Those rows and rows of multi-coloured annual bedding plants that are called ‘geraniums’ in temperate-zone commercial nurseries are – botanically-speaking – actually from the genus Pelargonium.
The genus Geranium consists of 422 species that look more like the plant pictured above. Many of these are perennial, and have the common name “cranesbill,” referring to the morphology of their unique seed capsule and dispersal strategy.
Dr. Wolfgang Stuppy comments:‘Very interesting indeed!
Multi-embryo seeds are encountered in Viscaceae but are the product of
several developing seeds melting into each other, as far as I know. True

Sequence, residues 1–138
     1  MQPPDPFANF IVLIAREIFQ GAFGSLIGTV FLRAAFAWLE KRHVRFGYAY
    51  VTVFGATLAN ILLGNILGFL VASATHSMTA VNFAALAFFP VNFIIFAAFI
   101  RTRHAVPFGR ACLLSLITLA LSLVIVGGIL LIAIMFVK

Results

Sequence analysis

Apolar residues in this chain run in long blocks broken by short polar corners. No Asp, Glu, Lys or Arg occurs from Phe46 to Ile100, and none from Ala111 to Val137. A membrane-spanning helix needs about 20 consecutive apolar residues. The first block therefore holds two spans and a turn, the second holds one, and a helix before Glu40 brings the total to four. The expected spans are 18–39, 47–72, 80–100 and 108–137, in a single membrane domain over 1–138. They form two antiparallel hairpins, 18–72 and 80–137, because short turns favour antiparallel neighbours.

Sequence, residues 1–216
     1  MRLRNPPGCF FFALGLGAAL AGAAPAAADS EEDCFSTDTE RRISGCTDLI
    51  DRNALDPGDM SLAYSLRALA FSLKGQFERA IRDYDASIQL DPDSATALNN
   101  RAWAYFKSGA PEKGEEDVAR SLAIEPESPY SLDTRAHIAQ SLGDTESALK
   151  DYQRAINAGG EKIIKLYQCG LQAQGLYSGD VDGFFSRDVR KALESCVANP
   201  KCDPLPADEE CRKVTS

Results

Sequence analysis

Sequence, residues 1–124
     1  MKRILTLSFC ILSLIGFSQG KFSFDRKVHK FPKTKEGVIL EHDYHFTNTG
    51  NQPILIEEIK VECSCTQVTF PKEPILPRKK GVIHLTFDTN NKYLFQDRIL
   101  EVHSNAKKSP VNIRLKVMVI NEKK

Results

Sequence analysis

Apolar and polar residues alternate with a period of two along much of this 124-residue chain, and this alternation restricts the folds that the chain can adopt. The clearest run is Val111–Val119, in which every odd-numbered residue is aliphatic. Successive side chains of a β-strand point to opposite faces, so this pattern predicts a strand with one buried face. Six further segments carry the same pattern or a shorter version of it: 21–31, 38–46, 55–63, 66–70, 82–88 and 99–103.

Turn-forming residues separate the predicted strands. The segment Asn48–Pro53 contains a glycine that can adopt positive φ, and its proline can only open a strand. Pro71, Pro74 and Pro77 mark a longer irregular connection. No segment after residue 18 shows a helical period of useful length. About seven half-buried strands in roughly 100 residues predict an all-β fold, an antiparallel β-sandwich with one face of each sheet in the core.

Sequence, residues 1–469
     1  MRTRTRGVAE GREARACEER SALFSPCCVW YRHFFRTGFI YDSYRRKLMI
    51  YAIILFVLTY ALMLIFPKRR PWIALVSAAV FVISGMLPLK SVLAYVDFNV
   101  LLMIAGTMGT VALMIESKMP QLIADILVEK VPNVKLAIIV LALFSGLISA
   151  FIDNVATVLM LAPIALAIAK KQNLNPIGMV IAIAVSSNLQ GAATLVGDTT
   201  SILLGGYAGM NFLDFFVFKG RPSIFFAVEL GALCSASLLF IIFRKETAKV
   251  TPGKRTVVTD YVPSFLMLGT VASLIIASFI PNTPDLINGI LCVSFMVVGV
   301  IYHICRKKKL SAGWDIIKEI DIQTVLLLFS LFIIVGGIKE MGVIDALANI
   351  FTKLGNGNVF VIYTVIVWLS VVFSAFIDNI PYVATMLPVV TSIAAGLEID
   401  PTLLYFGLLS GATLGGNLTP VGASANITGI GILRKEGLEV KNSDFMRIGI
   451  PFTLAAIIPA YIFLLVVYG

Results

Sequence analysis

polyembryony is however common in Citrus spp. Apomictic plant species
may produce somatic embryos from cells of the nucellus and those may
indeed develop contrapolar.’
The seeds are stored in closed (“serotinous”) cones for many years until an environmental cue triggers the cones to open, releasing the seeds. The most common form of serotiny is pyriscence, in which a resin binds the cones shut until melted by a forest fire.